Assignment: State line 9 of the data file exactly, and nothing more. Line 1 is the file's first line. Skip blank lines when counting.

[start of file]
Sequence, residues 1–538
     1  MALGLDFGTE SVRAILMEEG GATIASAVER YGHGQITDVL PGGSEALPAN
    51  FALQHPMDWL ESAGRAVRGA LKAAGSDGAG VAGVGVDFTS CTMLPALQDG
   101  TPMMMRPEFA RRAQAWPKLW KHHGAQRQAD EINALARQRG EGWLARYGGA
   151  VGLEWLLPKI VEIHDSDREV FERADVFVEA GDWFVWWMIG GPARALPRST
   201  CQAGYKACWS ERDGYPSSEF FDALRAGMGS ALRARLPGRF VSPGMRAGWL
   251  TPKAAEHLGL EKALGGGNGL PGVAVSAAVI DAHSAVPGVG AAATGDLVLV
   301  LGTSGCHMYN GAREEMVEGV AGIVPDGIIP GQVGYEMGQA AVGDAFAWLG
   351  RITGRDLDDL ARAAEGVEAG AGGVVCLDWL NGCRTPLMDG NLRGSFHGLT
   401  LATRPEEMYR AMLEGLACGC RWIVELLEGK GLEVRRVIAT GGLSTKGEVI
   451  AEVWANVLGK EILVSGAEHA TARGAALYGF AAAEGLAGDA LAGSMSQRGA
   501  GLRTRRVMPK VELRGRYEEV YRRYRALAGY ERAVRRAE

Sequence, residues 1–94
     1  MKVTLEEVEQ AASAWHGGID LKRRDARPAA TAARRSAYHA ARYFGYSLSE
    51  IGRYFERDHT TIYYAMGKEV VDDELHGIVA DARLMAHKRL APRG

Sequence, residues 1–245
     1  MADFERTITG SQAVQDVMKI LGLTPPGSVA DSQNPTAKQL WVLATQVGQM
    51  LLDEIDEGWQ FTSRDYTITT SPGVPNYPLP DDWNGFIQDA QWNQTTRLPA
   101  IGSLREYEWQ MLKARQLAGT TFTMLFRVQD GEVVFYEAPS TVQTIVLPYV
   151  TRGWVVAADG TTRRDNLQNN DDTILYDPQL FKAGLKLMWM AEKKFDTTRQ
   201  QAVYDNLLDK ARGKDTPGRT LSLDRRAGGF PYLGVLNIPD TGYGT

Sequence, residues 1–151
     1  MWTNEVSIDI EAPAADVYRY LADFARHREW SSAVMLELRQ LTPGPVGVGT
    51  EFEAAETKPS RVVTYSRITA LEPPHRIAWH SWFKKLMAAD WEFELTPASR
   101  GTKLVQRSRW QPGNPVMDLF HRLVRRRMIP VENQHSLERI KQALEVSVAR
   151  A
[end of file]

   351  RITGRDLDDL ARAAEGVEAG AGGVVCLDWL NGCRTPLMDG NLRGSFHGLT